By Beth Kephart
I had been too long gone. On this day (a miracle) I was home. Tomorrow the winds would howl, but today was sky-blue calm. Tomorrow the world would rush and I would worry. Not now.
Right now was the man I love, beside me. It was the goofy-foots and grinds at Paine's Park. It was the river otter out for a swim in the Schuylkill. It was the Spring Garden Bridge wrapped like a Christo sculpture and the tall fringe of November weeds along the Banks and the miles of no cars and the tens of thousands of runners - marathoners, half-marathoners - who had come from all around the world to run forward into history.
Some of the runners had already crossed the finish line and were among the walkers now, wearing their silver Super People capes and medals. Some were holding their own signs as they moved past the mounted policeman and the Perelman Building and toward the Parkway finish, where an emcee with a broadcast mike was calling out the names of the winners. Winner. Winner. Winner. Everyone a winner. So many winners that even those who had not run triumphed according to proximity.
You could hear the ricochet of names up along the stone wall of Girard College. You could hear it on Ringgold Street and down by Eastern State Penitentiary and inside the London Grill on Fairmount Avenue, where the ghost of Willie Sutton is said to live and where they were tuning their TVs in preparation for the Eagles' tromping of the Titans. You could hear it in the shadows of the Fairmount Park gazebo and by the Franz West Lips in the Anne d'Harnoncourt Memorial Sculpture Garden, but you could not hear it inside the dolomite vault of the Philadelphia Museum of Art.
It was nearly silent there.
It was almost still.
The day had only newly begun in the Dorrance Galleries, where the master work of photographer Paul Strand hung. Gray tones and birch trees and a stolen yawn. A mother in a doorway with her sons. The scroll of the fern, a child's stare, the famous long shadows of Wall Street. Glass plates, cameras, travel logs. The first wife. The last one.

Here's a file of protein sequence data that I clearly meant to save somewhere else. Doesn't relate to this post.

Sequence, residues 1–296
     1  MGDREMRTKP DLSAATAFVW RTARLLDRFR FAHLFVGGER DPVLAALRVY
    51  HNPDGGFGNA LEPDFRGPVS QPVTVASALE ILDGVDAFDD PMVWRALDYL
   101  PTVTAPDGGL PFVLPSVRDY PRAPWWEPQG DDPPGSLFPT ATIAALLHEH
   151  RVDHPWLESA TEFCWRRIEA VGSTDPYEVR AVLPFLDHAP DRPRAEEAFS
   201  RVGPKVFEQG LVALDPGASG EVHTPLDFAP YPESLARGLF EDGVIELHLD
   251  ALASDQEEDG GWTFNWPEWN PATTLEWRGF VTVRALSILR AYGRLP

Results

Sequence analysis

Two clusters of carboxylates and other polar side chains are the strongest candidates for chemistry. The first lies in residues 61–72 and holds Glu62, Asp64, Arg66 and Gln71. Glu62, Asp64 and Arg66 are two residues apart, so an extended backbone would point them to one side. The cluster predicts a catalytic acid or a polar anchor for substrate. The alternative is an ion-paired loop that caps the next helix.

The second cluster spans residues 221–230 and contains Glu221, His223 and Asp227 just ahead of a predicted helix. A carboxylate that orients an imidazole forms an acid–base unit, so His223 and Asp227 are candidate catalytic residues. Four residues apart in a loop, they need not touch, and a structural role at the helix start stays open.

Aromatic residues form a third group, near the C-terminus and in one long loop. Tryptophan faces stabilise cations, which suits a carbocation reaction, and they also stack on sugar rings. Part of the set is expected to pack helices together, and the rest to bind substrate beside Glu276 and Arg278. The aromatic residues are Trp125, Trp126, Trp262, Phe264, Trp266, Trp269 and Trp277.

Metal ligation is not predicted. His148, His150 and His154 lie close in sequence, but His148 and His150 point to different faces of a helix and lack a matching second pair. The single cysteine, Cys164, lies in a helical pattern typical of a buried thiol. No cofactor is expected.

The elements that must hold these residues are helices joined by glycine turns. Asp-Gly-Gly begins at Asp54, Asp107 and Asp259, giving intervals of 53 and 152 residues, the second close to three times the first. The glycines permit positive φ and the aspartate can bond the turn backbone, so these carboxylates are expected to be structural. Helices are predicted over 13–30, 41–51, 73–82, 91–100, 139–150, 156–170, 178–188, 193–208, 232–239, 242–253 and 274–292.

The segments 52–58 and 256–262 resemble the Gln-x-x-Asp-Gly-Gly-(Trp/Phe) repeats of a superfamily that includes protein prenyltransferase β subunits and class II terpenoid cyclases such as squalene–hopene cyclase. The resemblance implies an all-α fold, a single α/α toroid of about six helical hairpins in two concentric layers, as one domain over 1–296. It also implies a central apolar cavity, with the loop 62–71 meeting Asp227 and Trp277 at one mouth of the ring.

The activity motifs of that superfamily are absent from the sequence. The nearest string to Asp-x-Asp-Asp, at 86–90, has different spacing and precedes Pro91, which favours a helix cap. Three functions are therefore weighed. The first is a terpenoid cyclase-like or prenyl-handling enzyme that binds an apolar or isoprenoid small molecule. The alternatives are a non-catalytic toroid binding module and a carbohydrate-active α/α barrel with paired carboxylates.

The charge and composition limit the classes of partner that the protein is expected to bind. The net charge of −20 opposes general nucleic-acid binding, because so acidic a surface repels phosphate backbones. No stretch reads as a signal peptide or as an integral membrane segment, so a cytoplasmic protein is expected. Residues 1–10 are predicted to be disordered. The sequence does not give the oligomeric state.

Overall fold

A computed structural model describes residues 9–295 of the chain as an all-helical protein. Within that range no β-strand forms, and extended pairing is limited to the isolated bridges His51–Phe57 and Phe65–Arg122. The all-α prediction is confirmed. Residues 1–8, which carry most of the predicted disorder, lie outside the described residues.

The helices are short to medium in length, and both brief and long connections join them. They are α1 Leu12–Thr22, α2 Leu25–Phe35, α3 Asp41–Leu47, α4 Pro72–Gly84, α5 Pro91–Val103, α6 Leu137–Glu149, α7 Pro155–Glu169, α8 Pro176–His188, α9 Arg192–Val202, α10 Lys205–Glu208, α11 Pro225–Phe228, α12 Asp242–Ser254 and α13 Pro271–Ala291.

We had slipped inside, my husband and I. Left the boomerang of the marathon, and we were walking, room by room, turning the corners, stopping to see. We were holding hands, or standing far apart, while outside the runners ran, and their fans cheered, and up and down the Parkway and in the redbrick alleys and maybe even as far as Manayunk, the names of the winners ricocheted, one by one.
I studied the deep sepia smears of the frozen moments. I stared into the eyes of portrait subjects who would never again be so young. I wondered about the girl who carried the books on her head, and had she read them, and how had Strand convinced her to stand against that wall and cast her eyes so unself-consciously down, and what had she become?
I thought of all the times that this museum had left me steeped in some version of awe. How it had hushed me when my child was young and taught me as I learned to teach. (What is color? What is landscape? What is story? I learned some of that here.) I imagined the memoir I might write around the paintings, the teahouse, the armor, the hats, the borrowed collections, and the permanent ones that infiltrate a life and a way of thinking. I thought of how this museum sits high on a hill and how it had once been (the metaphor so rich) the city's reservoir.
Outside, in the streets, the winners ran, the crowds surged, the silver Super People capes caught the sun. Here, in the Dorrance Galleries, the photos of people and places now mostly gone quietly hung. A city is ghosts and stones. It is snap and still. It is art on the hill and a man and his wife and a victory crowd. A city is dualities, endlessly refracted and repeated, complexities unwound, winning by proximity.
I was home. I was here.